I accept and acknowledge that I have posted little to not at all in the last few months. I have been working on a TV pilot, one in which characters who have given up on meaning go forth in drunken confusion to comment with despairing erudition on a life they neither understand nor approve. They strive only to despair elegantly. To stuff their suffering into masks of beauty.
I last read the whale book in, like 2002, so I remember it only sparingly. And I'll tell you what--which you may not believe--it's #@$#@ amazing. I mean….it's like, this guy, Melville, he could write! Cetology!
I'm also transcribing a lot of passages, nowadays, thanks to the Kindle, which makes transcribing so easy. I'm coming more and more to believe that the rote copying of other people's words is the only way to learn to write. In the past, in Austen's time, e.g, such rote copying was widely accepted as a valid learning method. Nowadays, not so much. But it should be.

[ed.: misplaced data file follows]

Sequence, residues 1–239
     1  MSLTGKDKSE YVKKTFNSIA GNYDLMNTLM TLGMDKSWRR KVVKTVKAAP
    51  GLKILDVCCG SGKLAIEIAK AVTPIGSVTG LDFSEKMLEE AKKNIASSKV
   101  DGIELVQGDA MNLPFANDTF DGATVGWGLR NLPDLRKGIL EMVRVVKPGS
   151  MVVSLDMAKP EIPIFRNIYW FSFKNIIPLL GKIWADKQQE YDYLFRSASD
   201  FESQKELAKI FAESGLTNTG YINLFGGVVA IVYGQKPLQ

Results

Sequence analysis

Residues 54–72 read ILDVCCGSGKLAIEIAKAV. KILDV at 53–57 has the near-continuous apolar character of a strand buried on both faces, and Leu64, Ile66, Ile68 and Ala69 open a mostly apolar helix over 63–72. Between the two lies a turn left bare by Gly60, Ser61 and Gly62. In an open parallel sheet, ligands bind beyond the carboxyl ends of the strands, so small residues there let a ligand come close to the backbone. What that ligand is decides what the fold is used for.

Anyway, here's a passage I bring forth to you all. It made me think vividly of Johannes, that criminal guitarist. The bit at the end is the bit of note, obviously.
I mean, what crown gives a porpoise-grant? God I want to know THAT story!
It is upon the record, that three centuries ago the tongue of the Right Whale was esteemed a great delicacy in France, and commanded large prices there. Also, that in Henry VIIIth's time, a certain cook of the court obtained a handsome reward for inventing an admirable sauce to be eaten with barbacqued porpoises, which, you remember, are a species of whale. Porpoises, indeed, are to this day considered fine eating. The meat is made into balls about the size of billiard balls, and being well seasoned and spiced might be take for turtle-ball or veal-balls. The old monks of Dunfermline were very fond of them. They had a great porpoise grant from the crown.